This is a fascinating short piece, with echoes of Wisconsin Death Trip in the mix. The reality of spree killing is made savagely real, with actual shootings portrayed and juxtaposed with the infodump style sections, the two informing each other, while Harding’s thoughts on neurology add an extra dimension, touching on free will and determinism. The characters are well realised, with Harding driven by feelings of inadequacy and guilt over past cowardice, and the suggestion that simple obsession might be every bit as responsible for what happens as the explanation Harding comes up with, victims cracking under the strain. The ending is slightly predictable, but not to the extent that it undermines the body of the story and I felt so intrigued that I wanted to check the details on the killings McBride lists to find out if any of them were genuine, or all just figments of his imagination. Ultimately what we get is familiar, but the oblique telling makes it seem fresh. I loved F9 and wanted it to go on even longer, but McBride was right to finish where he did, the perfect moment of quiet between the storms, and as a side effect of reading this novella I’m now seeing the song ‘Amazing Grace’ in an entirely different light.

When William Meikle’s CLOCKWORK DOLLS (DarkFuse eBook, 59pp, $2.99) opens Dave Burns is in police custody and reveals to his interrogator the chain of circumstances that have led to his being accused of murdering his close friends and the woman he loved. Burns is by all accounts, including his own, something of a loser, bitter about missed opportunities in love and business, unhappy with his life. At a dinner party he meets Maggie, who introduces the idea of asking the universe for what we want. Dave is sceptical, but goes along with it anyway, but then when things start to happen for the other people who made the wish he realises there may be something to it, only his own wish was somewhat detrimental to the hopes and aspirations of everybody else. Bad things start to happen.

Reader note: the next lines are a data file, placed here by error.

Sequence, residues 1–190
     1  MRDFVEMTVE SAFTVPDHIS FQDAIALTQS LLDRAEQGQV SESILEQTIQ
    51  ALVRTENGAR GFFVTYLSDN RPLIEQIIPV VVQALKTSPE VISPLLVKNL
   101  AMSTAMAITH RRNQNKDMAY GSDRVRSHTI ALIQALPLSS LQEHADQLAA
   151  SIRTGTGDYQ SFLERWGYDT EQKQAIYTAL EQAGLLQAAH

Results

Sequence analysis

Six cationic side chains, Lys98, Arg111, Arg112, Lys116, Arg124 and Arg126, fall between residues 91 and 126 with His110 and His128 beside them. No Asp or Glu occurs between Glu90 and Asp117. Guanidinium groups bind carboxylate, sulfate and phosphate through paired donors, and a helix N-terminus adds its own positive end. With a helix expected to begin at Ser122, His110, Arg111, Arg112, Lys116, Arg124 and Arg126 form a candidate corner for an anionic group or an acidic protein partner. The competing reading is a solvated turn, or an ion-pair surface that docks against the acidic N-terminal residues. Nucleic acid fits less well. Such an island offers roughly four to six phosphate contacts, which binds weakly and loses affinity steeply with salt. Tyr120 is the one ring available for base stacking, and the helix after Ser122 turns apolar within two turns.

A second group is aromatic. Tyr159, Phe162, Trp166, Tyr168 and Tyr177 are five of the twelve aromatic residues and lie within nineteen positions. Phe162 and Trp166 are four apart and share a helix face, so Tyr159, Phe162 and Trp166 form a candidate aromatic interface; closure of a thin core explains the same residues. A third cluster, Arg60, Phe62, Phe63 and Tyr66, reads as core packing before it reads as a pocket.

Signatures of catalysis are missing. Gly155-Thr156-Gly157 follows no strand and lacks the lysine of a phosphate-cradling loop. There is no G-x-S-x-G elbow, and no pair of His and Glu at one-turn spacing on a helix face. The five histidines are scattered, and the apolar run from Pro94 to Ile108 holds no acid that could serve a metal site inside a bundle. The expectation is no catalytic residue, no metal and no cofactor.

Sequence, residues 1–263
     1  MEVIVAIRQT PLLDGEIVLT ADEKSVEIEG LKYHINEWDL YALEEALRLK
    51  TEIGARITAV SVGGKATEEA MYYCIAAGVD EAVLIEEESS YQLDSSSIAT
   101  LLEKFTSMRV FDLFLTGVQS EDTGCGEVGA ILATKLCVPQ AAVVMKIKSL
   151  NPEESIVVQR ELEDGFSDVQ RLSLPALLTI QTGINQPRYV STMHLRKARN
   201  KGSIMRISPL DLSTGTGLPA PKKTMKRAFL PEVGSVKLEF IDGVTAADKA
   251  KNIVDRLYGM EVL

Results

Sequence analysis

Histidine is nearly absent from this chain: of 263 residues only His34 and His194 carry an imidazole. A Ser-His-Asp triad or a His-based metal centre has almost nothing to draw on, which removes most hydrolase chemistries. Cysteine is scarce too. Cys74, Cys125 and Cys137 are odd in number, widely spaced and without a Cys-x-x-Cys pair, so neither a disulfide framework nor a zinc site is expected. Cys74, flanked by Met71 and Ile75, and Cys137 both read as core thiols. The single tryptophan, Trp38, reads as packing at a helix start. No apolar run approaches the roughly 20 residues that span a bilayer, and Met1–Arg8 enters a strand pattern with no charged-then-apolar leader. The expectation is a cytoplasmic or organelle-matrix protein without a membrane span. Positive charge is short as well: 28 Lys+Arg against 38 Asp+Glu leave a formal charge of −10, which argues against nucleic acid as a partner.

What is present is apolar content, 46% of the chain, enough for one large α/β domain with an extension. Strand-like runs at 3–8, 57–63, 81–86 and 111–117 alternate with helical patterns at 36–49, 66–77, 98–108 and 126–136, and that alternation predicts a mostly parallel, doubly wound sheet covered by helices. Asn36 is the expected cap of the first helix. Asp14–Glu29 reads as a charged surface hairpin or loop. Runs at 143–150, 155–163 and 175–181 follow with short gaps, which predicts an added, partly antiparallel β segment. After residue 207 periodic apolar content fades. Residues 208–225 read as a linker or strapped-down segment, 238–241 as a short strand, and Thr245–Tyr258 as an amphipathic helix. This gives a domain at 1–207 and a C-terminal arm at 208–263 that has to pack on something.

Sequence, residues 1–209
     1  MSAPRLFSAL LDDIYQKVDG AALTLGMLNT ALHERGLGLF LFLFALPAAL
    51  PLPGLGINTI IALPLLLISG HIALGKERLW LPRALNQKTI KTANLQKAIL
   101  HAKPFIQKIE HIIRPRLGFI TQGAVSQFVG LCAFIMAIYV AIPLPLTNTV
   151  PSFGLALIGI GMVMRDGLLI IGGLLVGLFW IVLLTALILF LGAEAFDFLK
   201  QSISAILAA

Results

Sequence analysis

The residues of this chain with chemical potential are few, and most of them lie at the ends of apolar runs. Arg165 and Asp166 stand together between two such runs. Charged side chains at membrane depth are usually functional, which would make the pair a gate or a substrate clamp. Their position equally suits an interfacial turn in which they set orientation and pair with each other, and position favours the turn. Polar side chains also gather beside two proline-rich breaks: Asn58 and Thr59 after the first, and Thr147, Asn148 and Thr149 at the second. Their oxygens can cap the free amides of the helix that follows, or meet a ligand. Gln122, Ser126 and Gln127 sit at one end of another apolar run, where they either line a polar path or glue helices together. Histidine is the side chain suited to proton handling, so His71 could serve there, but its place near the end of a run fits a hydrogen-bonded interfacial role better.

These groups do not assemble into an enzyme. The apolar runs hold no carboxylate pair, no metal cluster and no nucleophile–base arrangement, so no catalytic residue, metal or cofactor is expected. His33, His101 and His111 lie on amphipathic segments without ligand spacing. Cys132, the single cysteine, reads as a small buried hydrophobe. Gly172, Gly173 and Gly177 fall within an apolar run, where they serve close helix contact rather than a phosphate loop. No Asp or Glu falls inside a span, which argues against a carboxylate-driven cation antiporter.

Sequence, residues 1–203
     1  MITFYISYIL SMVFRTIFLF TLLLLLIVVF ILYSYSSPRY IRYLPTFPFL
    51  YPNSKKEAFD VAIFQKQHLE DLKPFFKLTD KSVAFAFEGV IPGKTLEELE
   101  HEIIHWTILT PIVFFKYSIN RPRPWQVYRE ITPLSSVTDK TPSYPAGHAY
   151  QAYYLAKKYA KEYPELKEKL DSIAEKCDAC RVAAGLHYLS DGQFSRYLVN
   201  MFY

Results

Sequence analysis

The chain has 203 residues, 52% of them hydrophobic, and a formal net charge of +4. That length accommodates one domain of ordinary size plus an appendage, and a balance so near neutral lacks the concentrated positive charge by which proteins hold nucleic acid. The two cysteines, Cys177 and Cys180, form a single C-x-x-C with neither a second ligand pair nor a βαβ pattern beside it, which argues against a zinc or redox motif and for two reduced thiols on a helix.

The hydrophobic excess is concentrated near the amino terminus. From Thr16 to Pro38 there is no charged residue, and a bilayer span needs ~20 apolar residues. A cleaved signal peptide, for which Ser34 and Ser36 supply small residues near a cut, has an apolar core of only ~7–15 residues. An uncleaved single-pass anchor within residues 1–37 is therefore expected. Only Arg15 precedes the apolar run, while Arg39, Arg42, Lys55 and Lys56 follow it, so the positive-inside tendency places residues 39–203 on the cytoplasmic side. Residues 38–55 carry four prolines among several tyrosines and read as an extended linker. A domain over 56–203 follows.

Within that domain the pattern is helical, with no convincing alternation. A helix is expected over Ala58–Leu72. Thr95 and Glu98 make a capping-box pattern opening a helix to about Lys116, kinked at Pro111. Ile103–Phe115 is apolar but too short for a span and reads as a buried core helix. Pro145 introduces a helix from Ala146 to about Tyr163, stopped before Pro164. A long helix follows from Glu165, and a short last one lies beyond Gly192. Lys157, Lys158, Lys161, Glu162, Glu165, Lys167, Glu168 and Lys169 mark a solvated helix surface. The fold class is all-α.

I know William Meikle’s writing chiefly through his pastiches of the work of others, the role of pulp chameleon one at which he is very good indeed and never less than entertaining, but if this is an example of what he can come up with under his own steam then it’s something I most definitely want to see more of. With some fine tuning the plot could pass for an impersonation of the Final Destination movies, heavy on the inevitable quality of it all and with some inventive methods of disposal. Where it rises above the status of killing ground is in the story’s conceptual and psychological underpinning. At the narrative’s heart is the character of Dave himself, adeptly brought to life on the page, a man so bitter and resentful that he just keeps throwing the good things in his life out after the bad. His sourness is powerfully counterpointed by the other characters, and the way in which he dooms them all through spite is convincingly done. At the end he is a man who destroys himself, but bringing everyone else down with him. In the final analysis Meikle seems to reject the idea of karma and the universe intervening in human life, reducing us all to the clockwork dolls of the title, instead squarely placing blame and responsibility at the door of a small minded man who can’t rise above the desire for vengeance, not even when he sees the terrible consequences of that wish.


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1 Response to Filler content with DarkFuse novellas – Part 1

  1. Pingback: Filler content with DarkFuse novellas – Part 2 | Trumpetville